Tracing the story of the Duke and Duchess of Argyll’s high-profile divorce in conservative 1960s England, the series stars Claire Foy (“The Crown”) opposite Paul Bettany (“WandaVision”). From February 4 on SALTO.
In 2018, A Very English Scandal, the first season of a BBC anthology series retracing the most significant cases in contemporary UK history, tackled that of the trial of Jeremy Thorpe (Hugh Grant) in 1979, leader of the Liberal Party accused of attempting to have her former lover (Ben Whishaw) murdered, all directed by Russell T. Davies (It’s a Sin).
Three later, the mini-series A Very British Scandal (still in three episodes) created by Sarah Phelps (The Pale Horse) this time relates the highly publicized divorce of the Duke and Duchess of Argyll in the 1960s in England. A conservative era that did not give a gift to Margaret of Argyll, a socialite who paid dearly for her liberated morals ahead of her time.
When she asks her husband for a divorce, Ian, an alcoholic and neglectful, does everything to discredit her. To smear his image in the press, he goes so far as to broadcast intimate photos of his wife without her consent, making Margaret the first victim of revenge porn Of the history.
In the role of the Duke of Argyll, the actor Paul Bettany, known internationally through the role of Vision in the Marvel Avengers saga and the WandaVision series, gives the reply to Claire Foy, who plays here another role of royal blood after playing Queen Elizabeth II in the first two seasons of The Crown.
“I spoke with Sarah Phelps, the screenwriter, who was really brilliant. I then had a long interview with the director, Anne Sewitsky. She presented her vision for the series to me and it seemed like to be something very sincere, something that I had never seen before”he explains, retracing his arrival on the project. “I liked the idea of a Norwegian director, an ‘outsider’, doing a series about the British class system.”
A tale of one woman’s public humiliation and the misogyny of an era, A Very British Scandal also explores class warfare, according to the actor. “Margaret is a defector, she comes from a different class. His father was a worker, a man who built himself. She has risen on her own into the aristocracy, and when the scandal breaks, this whole caste protects Ian and destroys him (…) All his so-called friends turn their backs on him. There’s a real sense of horror in there. In this, I find the series particularly British.”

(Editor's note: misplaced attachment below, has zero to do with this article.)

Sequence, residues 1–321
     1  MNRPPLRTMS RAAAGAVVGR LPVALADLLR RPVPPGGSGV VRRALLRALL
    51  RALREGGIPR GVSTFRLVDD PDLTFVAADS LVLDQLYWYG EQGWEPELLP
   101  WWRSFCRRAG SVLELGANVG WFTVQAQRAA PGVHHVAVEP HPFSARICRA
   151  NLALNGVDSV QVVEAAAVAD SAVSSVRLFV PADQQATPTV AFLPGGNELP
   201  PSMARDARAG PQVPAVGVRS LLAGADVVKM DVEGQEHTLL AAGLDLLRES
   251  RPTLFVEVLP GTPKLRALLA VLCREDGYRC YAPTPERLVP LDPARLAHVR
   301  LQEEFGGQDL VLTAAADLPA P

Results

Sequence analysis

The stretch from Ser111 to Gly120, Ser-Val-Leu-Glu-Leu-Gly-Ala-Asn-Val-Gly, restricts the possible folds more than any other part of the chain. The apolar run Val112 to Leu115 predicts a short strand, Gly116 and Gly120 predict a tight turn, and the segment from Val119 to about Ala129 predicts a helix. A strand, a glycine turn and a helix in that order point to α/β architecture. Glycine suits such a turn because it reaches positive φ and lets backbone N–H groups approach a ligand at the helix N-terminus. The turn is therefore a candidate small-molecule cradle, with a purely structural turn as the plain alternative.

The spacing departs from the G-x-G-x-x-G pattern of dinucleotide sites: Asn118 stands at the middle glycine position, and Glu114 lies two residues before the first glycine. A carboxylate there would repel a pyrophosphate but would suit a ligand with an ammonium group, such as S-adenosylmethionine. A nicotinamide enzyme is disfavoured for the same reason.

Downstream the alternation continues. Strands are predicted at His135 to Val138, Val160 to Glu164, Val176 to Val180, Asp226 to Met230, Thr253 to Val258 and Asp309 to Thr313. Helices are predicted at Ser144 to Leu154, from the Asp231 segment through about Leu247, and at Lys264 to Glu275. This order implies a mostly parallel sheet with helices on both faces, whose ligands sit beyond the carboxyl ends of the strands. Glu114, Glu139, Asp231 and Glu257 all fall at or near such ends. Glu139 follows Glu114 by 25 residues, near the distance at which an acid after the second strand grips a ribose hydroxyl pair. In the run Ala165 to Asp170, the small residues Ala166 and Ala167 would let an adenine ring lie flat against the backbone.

To interpret Ian, Paul Bettany drew on many articles and works on the Argyll family, even if, he moderates, all were written by men, which potentially biases the image that could be painted. from him. Born in France, he fought in World War II, before being captured and sent to a prison camp where he was tortured and starved. He then inherited the Duchy of Argyll following the death of his cousin in 1949, and married Margaret Whigham in third marriage two years later.
“What came out of the research that I did was that there was a lot of intergenerational damage going on in this family.I think that [Ian] felt like a failure all his life, and a deep self-hatred flowed from it (…) I think he was really sadistic; he liked to torture people, and in particular the women who shared his life. Ian was kind of an undiagnosed narcissistic pervert. And having spent almost thirty years in the film industry, I didn’t have to look far to find narcissistic perverts that I could draw inspiration from”he quips.
If Margaret fails to obtain a divorce from Ian, the latter ends up paying dearly for his victory, since he dies shortly after the end of their relationship from the consequences of his various addictions to alcohol, tobacco and amphetamines. “I think Margaret wins in the end by refusing to continue playing this game with him. Ian didn’t survive very long after she left her.”
Praising the work of his on-screen partner, Paul Bettany reveals that the reason he agreed to star in the series, even before knowing the subject, was that it was a project with Claire Foy, winner of the Golden Globes for her performance in The Crown. “She’s an incredible actress. she’s a spectacular actress. And I felt like she would be a really fun playmate to work with. And indeed, it was!“
When asked about the big gap represented by a malevolent character like the Duke of Argyll after a solar character like that of Vision in the MCU, Paul Bettany answers with amusement. “It’s nice to have different programs, you know. Going from someone incredibly warm, the personification of human warmth and love for his wife, to someone who is the embodiment of cold cruelty and self-centered narcissism… It was a real breath of fresh air to be naughty!“